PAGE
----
In addition to improving designs patterns promote reuse, reuse has the immediate benefit of reduced implementation and maintenance costs. Reuse has the longer term benefit of encouraging and reinforcing consistency and standardization. Once patterns are identified they assist in analysis by simplifying structures and processes as they replace low-level specific descriptions with more abstract ones reuse at more abstract levels enables interoperability between systems that follow patterns that differ at more concrete level. BUSINESS ORGANIZATION PATTERN Business organization pattern is created to ensure that all participants, stakeholders, software providers, standards developers, etc. Eave a common understanding of the enterprise and business domain, to understand the enterprise independent of its current or future technology, to identify and understand: Gaps – hinges we should be doing but aren’t Inefficiencies – things we should be doing but are doing badly Overlaps – things we should be doing but are doing redundantly Opportunities – things we might want to do PATTERNS AND REUSE In addition to improving designs (by replacing an ad hoc approach with A successful one) – patterns promote reuse. Reuse has the immediate benefit of reduced implementation and maintenance costs; Reuse has the longer term benefit of encouraging and reinforcing consistency and standardization.
Once patterns are identified they assist in analysis by simplifying structures and processes as they place low-level specific descriptions with more abstract ones Reuse at more abstract levels enables interoperability between systems that follow patterns that differ at more concrete levels. PROPOSING AN ANALYTICAL ARCHETYPE Dynamic capabilities are first and foremost learning-based procedures which demonstrate the role of knowledge development and utilization activities involved in and associated with them. So, to develop and deploy a dynamic capability, managers must establish a strategic learning system through which needs and directions for necessary changes are clearly clarified and systematically pursued.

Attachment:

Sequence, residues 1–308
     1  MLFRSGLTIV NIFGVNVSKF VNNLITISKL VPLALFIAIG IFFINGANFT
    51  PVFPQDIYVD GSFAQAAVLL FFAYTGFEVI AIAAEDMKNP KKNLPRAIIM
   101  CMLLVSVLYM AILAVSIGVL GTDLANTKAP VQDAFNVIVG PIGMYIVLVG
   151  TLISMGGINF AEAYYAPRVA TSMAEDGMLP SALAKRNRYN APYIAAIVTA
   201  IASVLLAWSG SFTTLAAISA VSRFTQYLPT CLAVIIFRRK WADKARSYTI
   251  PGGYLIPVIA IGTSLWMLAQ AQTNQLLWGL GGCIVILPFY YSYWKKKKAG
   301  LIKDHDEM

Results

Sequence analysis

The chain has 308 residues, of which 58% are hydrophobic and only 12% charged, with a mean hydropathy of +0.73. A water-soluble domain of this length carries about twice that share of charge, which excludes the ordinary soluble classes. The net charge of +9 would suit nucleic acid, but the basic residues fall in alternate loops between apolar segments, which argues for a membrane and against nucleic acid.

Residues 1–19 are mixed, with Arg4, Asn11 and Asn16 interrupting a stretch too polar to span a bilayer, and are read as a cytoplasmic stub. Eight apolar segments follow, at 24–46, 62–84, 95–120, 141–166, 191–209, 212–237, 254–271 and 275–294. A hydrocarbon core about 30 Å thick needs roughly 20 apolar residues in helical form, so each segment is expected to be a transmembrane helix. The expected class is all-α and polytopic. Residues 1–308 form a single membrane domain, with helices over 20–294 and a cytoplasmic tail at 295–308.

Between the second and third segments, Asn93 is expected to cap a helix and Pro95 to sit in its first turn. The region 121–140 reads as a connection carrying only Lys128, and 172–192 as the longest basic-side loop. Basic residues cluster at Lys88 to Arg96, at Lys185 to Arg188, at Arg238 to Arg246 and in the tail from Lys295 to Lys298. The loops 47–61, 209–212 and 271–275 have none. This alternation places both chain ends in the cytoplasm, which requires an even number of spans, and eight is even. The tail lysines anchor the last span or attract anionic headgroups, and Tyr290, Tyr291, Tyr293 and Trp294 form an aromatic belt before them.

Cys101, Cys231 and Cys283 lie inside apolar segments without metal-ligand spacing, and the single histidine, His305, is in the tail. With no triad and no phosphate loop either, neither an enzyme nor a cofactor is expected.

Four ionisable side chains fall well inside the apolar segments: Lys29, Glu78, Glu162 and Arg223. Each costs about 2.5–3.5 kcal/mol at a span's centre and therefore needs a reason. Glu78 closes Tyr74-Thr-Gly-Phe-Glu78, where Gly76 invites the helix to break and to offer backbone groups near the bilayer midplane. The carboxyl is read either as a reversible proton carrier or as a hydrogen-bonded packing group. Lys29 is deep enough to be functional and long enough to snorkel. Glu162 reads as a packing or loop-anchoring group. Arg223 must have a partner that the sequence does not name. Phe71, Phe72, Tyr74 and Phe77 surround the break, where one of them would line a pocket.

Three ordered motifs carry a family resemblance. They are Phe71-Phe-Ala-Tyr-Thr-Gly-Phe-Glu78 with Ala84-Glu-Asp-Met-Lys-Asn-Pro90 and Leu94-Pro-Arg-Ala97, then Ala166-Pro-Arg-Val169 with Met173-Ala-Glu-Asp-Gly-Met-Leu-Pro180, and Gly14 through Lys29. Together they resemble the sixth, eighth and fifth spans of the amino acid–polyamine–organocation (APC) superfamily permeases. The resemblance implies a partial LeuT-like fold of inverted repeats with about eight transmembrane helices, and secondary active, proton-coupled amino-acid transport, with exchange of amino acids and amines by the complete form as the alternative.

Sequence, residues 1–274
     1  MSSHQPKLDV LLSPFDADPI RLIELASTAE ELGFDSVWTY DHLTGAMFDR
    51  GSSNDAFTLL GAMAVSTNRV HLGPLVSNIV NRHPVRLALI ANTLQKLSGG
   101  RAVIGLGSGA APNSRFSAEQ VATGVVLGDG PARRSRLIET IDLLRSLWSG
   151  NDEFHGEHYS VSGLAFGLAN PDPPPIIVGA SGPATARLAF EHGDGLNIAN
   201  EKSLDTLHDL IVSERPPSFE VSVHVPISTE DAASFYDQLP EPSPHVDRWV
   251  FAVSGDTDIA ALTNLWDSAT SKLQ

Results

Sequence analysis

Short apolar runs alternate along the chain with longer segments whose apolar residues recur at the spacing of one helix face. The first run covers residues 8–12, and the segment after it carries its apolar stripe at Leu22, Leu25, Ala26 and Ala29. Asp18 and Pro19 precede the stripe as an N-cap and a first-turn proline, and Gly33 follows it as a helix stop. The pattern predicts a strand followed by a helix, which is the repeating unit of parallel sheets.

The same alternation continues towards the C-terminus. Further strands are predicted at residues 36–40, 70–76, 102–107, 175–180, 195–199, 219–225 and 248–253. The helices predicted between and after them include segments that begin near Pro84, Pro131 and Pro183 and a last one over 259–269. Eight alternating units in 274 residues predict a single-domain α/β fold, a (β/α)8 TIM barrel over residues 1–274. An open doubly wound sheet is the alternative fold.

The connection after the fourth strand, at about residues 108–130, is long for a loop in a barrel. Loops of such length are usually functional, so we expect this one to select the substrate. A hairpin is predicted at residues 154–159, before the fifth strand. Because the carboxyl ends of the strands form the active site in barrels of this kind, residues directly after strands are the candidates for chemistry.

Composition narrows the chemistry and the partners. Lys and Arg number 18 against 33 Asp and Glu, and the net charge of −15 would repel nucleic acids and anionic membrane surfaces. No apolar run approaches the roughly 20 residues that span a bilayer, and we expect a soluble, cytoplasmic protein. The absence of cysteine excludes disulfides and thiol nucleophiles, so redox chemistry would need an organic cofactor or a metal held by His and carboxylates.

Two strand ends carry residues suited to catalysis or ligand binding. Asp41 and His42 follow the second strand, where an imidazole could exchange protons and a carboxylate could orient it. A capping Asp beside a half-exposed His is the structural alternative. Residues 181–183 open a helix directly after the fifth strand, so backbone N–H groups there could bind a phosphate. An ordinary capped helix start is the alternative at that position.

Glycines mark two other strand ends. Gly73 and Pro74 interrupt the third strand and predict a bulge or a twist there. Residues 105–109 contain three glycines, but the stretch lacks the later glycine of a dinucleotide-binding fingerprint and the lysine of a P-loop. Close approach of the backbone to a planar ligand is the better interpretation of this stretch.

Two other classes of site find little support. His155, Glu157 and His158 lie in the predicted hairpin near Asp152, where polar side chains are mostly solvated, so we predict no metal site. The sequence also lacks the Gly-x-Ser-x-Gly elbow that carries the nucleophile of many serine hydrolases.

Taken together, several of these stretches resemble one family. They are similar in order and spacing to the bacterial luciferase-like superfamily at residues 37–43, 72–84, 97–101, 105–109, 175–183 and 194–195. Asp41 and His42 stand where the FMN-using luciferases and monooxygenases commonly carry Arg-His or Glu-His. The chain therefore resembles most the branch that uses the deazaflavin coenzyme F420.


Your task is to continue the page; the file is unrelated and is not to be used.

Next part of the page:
Since a business model is the organizing framework of vale chain design and management and Innovation is essentially a learning-based strategic action dynamic model of IBM accordingly requires a full understanding of firm’s current resource stock and capability repertoire as well as a purposeful learning plan aimed at diagnosing status quo and findings critical changes. This argument gives rise to the first and second proposition of this study stated as follows: Propositions : business model innovation is a dynamic learning-driven process in which first and foremost reminisces of the existing business model are challenged based on the utilization of the current set of knowledge and accordingly BMW innovation areas and directions are recognized to be pursued.
Propositions: full understanding of the firm’s resources and capabilities, their value appropriately and value chain engagement is a prerequisite of business model innovation because it effectuate dynamic model of resource analysis and configuration towards a new combination tot assets tort innovating new value systems. Propositions: dynamic process of IBM is planned on a strategic objective developed y top managers and disseminated throughout the organization in order to align, ordinate and combine different capabilities towards a whole system for administrating IBM. Proposition 4: dynamic business model innovation tackles endogenous shocks by reconfiguring business model structure and copes with exogenous shocks by developing contingency plans and simultaneously balances these sets of shocks through a dynamic process of capability development and competence utilization.
Propositions: dynamic business model innovation is carried out through a purposeful radical re-vision and re-arrangement of inter and intra organizational relationships wrought dynamic relational capabilities. These five propositions Jointly form the analytical archetype of business model innovation from dynamic capabilities perspective which can be syntactically illustrated.